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    Python Project: Heads or Tails (5 Things You Will Learn)

    Implement Heads or Tails in Python

    While heads-or-tails is a simple problem to solve in Python you can learn from it.

    • Simplify. How to structure your code in a simple way in functions. This is one of the skills you need a lot of practice in, while it seems simple and easy, there is a lot more to it.
    • Randomness. You need to flip a coin and for that, you need randomness.
    • User prompt. When you program user input can be in the wrong format. How do you deal with that?
    • Loops. To make a user prompt require correct input, you need to understand loops and how to use them in this case.
    • Conditional. You need to validate the guess from the user with the random coin. To do that you need conditionals.

    Are you ready?

    Project Description

    This is a simple project to create a heads-or-tails game in Python, we need to learn to work with functions.

    You should build a guessing game of heads or tails.

    Game description.

    1. The user is asked to guess head or tails
    2. The game will “flip” a coin to either heads or tails.
    3. The game will write if the user guessed correctly or not.

    Your goal is not to write the code, it is to use functions to create it.

    Note: An advantage of writing functions is that it enables you to test it isolated.

    Step 1 Understanding how to break it down

    Why bother breaking the problem down into isolated blocks?

    To simplify the code.

    Instead of “just starting to write the code” it is always a good idea if you can break the problem down in smaller pieces that can be treated isolated.

    The power is it will make it easier to implement isolated pieces and the best part is, you can test pieces of code isolated.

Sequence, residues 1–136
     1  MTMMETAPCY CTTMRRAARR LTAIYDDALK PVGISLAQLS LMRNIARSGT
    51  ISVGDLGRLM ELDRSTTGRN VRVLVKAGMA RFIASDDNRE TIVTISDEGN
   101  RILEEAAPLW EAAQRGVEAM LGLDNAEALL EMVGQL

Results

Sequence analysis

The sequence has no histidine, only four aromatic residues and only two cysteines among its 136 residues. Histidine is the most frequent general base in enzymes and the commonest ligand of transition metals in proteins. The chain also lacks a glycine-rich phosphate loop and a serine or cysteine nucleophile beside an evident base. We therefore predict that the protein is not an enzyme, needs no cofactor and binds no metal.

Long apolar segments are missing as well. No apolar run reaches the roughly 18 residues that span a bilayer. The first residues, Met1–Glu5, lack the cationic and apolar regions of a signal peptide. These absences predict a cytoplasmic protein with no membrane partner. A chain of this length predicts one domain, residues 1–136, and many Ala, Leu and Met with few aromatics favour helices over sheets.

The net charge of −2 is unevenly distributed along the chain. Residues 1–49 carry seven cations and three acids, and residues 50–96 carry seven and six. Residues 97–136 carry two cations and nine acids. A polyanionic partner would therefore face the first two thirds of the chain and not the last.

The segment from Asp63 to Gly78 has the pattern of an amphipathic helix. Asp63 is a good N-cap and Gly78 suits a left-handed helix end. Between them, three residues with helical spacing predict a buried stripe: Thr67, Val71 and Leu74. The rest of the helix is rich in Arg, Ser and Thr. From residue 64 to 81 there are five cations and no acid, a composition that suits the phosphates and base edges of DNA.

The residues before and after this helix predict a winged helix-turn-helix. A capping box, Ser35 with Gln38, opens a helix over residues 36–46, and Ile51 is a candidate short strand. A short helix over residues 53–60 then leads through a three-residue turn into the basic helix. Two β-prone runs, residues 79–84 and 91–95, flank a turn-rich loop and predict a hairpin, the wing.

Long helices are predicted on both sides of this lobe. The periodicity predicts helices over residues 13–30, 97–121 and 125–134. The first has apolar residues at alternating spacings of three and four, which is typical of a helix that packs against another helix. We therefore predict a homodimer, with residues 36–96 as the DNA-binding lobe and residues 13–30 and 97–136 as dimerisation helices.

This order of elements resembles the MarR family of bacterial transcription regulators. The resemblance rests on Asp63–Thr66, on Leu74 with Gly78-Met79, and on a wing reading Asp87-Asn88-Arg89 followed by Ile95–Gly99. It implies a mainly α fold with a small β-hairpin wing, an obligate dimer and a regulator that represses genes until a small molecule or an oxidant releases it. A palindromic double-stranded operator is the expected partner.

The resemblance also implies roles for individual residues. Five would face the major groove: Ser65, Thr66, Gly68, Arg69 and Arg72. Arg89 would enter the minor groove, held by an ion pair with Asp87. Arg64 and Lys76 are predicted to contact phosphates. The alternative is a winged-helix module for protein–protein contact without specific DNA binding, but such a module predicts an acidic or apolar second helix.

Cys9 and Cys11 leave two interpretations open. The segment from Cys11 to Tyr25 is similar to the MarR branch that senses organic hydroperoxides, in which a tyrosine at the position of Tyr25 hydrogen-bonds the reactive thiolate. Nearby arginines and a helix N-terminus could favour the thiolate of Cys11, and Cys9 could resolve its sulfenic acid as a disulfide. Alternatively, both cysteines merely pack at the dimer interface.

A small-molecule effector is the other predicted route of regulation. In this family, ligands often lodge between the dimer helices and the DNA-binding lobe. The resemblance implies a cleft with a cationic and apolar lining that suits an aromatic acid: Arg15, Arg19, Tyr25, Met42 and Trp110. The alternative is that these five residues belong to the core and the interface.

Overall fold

Let’s try to do it for this project.

    One way to simplify is to think about what is happening in the game.

    1. The user is asked to guess heads or tails
    2. The game will “flip” a coin to either heads or tails.
    3. The game will write if the user guessed correctly or not.

    That could actually be one simple way to break it down into the above 3 pieces.

    Now your job is to implement them isolated and test that they work as expected.

    Step 2 Prompt the user

    A great way to organize code is to implement it in functions.

    This organizes the code in blocks of code that you can use with a call to a function. But more importantly, you can test it isolated.

    One way to prompt the user could be as follows.

    def input_from_user():
        while True:
            guess = input('head or tails? ')
            if guess in ['head', 'tails']:
                return guess
            print('Not valid input!')

    This uses the infinite loop (while True) to prompt the user (input()), until the input is valid (if guess in…).

    Now you can test that function isolated to see if it does what is expected.

    Step 3 Flip a coin

    The next piece we need to implement is a flip of a coin.

    To do that we need randomness. Luckily, Python has a standard library random that can assist you.

    We will use randrange as it is a standard go-to function to use to get a random integer.

    One way to implement it could be as follows.

    from random import randrange
    def flips_a_coin():
        coin = randrange(2)
        if coin == 0:
            return 'tails'
            return 'head'

    The call randrange(2) will either return 0 or 1.

    If it returns 0 we return tails otherwise head.

    Again, you can test this function isolated to see if it does as expected.

    Step 4 Print the result

    Finally, we need to validate if the user’s guess is correct.

    This is where the power of functions is great.

    def print_result(user_guess, coin):
        if user_guess == coin:
            print('You guessed it! You won!')
            print('No! You guessed wrong!')

    You might wonder why I am excited about this function.

    Well, this is where you actually combine the output of the previous two functions.

    But here is the great part.

    You can test it isolated.

    You can try all possibilities manually with your function.

    print_result('tails', 'tails')
    print_result('head', 'tails')
    print_result('tails', 'head')
    print_result('head', 'head')

    Now you know that all the pieces work isolated.

    It is time to combine it all.

    Step 5 Combining it all

    We know that all functions work isolated.

    Now it is time to combine it all.

    user_guess = input_from_user()
    coin = flips_a_coin()
    print_result(user_guess, coin)

    I must admit. This is beautiful, it is simple.

    Why is this powerful?

    Because it is simple to understand. If you notice something is wrong, say, if it only flips tails, it is easy to identify where in the code you should look, and on top of that, you can test that piece of code isolated.

    Want more Python projects?

    This is part of 19 Python Projects and you can create this project of a basic calculator that will teach you modular programming.

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